Canine Subaortic Stenosis
Subaortic stenosis (SAS) refers to the narrowing of the area of the heart just below the aortic valve. The narrowing develops due to the presence of an abnormal fibrous tissue and causes the increase of blood pressure in the left ventricle. This is the third most common congenital genetic heart defect in dogs. Breeds predisposed include the Newfoundland, Boxer, Golden Retriever, German Shepherd Dog, Rottweiler, Bouvier des Flandres, Bull Terrier, and Bernese Mountain Dog. An unusual form of subaortic stenosis in combination with mitral valve dysplasia has been reported in the Golden Retriever. The majority of severely affected dogs with SAS die suddenly before the age of 3 years. However, the increasing availability of modern diagnostic imaging systems now allows a better assessment of cardiac function, thereby facilitating early detection of the disease. Dogs with mild pressure rarely progress to congestive heart failure (CHF). If CHF develops, it can be managed with medications that can prolong life and improve its quality.
Dogs with mild form of the disease and those who develop infective endocarditis are usually diagnosed at older ages than those with moderate and severe forms. Sudden death occurs mainly in the first three years of life with severe obstruction. Infective endocarditis and left heart failure tend to occur later in life and in dogs with mild to moderate obstructions. While most affected dogs have no signs, some animals may experience episodes of fainting and difficulty breathing. Affected puppies may have stunted growth, weakness, shortness of breath, abdominal swelling and, in extreme instances, may die suddenly within the first month of life. Most SAS patients are diagnosed when heart murmur is detected at the left heart base during a routine physical examination.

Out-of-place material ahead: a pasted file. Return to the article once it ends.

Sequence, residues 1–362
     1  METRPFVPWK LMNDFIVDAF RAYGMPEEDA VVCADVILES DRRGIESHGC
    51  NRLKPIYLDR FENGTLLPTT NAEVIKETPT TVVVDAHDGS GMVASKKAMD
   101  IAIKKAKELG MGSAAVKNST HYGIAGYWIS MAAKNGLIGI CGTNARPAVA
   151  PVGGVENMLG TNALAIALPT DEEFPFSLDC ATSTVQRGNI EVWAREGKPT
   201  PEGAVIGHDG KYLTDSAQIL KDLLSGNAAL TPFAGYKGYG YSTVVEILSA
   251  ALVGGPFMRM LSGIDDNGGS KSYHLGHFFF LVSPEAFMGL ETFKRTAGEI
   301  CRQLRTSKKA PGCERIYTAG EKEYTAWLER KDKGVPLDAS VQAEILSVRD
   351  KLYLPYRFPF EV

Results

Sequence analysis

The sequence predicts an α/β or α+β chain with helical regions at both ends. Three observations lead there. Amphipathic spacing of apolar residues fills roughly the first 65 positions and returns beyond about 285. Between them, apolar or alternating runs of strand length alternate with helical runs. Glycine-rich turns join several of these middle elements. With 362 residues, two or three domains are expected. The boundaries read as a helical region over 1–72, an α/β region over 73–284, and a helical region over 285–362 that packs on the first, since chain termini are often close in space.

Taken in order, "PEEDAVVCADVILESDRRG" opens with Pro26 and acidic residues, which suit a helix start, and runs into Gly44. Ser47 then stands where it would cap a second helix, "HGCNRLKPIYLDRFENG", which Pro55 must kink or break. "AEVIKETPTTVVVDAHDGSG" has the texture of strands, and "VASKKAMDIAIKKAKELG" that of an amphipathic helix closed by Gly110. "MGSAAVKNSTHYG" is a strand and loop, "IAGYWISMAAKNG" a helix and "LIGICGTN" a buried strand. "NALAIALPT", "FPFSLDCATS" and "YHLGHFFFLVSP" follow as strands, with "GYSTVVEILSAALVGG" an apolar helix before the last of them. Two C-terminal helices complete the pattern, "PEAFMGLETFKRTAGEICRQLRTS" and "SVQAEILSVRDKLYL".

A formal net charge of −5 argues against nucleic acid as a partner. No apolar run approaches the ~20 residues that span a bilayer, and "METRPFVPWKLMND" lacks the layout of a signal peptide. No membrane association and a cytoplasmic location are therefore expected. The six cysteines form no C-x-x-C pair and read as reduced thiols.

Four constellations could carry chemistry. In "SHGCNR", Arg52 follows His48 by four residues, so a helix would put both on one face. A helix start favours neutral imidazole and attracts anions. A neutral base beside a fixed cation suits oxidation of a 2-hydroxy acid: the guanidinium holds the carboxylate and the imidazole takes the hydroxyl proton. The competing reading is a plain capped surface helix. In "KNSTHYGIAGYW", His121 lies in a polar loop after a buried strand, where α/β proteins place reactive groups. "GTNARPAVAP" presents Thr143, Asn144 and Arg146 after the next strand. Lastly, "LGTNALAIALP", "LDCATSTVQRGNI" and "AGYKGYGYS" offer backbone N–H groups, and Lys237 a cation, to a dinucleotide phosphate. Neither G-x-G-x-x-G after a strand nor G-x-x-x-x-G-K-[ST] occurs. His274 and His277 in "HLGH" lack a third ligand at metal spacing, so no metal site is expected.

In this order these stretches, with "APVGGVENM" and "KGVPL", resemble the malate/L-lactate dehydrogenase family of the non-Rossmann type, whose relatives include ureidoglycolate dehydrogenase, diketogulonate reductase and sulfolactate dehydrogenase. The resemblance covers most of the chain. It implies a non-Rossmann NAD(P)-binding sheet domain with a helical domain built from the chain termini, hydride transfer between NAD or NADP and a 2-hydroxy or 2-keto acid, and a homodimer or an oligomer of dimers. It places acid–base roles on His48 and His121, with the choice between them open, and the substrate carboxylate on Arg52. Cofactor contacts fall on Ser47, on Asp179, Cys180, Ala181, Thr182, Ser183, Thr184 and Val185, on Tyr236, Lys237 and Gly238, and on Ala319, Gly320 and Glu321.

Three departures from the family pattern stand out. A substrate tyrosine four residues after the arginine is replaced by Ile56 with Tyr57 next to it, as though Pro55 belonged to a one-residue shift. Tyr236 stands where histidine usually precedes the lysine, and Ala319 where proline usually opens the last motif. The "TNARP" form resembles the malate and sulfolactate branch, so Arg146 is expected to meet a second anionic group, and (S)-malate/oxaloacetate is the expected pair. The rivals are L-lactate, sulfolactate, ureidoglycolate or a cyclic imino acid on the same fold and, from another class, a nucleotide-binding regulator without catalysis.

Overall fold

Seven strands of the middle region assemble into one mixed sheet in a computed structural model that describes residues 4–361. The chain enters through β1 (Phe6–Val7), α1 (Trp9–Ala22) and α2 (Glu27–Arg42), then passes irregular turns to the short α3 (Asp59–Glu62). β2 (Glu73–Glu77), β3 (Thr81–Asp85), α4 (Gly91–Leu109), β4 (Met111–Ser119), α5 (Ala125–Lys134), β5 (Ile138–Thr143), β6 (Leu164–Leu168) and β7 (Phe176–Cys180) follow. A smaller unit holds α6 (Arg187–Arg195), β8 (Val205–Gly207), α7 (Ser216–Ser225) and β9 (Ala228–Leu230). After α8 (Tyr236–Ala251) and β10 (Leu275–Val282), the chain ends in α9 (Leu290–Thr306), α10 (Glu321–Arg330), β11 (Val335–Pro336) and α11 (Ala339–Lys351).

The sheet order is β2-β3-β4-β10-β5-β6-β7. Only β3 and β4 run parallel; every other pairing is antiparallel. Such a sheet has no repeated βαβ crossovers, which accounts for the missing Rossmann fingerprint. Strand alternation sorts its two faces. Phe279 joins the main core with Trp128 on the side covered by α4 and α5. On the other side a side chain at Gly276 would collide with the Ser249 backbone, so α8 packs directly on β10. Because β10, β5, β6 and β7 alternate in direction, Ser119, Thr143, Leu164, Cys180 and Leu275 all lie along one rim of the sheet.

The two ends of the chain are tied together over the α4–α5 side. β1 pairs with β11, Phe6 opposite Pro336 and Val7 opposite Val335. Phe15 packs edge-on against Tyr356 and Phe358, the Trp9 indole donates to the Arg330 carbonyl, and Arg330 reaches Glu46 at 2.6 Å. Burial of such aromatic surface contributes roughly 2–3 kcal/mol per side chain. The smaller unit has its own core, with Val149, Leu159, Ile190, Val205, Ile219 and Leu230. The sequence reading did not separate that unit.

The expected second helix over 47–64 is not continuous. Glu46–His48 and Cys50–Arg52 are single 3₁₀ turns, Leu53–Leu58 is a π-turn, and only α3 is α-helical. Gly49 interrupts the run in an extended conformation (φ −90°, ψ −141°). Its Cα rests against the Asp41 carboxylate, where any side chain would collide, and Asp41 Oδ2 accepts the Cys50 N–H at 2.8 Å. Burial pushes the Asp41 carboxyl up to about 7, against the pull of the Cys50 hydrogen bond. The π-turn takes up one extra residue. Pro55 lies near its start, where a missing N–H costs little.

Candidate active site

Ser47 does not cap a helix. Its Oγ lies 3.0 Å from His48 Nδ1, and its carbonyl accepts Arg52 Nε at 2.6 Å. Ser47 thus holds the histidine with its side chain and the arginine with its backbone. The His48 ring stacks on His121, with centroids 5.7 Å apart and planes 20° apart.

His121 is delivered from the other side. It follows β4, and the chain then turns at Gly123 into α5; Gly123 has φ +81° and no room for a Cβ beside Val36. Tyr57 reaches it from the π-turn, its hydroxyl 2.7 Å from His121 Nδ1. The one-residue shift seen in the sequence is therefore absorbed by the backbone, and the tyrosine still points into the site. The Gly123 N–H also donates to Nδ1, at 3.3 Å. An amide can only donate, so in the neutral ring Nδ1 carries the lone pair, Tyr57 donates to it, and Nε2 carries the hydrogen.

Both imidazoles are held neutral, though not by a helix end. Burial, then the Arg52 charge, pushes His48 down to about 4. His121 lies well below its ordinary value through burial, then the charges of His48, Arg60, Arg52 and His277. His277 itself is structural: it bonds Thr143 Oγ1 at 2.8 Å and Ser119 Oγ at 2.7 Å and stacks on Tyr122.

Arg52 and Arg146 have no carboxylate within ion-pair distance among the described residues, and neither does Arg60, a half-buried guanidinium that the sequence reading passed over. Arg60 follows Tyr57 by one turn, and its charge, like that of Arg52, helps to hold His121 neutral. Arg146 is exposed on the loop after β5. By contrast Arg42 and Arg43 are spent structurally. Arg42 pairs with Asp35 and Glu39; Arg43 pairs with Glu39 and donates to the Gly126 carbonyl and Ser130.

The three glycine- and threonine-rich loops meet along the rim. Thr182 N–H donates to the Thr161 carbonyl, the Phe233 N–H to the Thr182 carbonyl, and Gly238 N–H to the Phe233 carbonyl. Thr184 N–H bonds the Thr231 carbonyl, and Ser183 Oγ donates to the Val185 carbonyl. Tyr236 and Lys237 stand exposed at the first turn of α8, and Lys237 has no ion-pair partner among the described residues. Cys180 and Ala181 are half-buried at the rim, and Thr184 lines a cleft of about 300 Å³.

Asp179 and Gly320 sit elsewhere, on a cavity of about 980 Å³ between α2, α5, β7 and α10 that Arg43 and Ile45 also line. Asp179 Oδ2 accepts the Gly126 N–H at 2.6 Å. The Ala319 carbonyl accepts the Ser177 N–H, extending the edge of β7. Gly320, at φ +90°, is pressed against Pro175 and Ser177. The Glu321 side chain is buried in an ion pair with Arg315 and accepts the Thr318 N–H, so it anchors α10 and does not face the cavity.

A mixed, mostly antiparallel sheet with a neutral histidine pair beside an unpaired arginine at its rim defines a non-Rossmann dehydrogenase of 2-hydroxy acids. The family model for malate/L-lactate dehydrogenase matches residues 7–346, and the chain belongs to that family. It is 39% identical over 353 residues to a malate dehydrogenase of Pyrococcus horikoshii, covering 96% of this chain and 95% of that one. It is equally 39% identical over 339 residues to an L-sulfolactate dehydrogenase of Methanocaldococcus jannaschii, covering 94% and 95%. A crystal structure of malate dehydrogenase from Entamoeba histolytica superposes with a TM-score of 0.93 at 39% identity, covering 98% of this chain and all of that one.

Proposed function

Prognosis and therapy depend on the severity of the disease and complications that may be present. Treatment is directed towards decreasing the workload on the diseased heart. Surgical correction of the defect may be attempted, yet owning to the nature of the disease and the age of the affected dog, the outcome of such a procedure is generally poor. Caridiopulmonary bypass and open-heart surgery are necessary to directly reach the stenotic area. Although this type of surgery can significantly reduce the ventricular pressure and possibly improve exercise ability, no improvement in long-term survival was found compared to dogs not undergoing the procedure.7 Atenolol, a specific adrenergic drug, has been used to prevent sudden death in dogs with severe subaortic stenosis.
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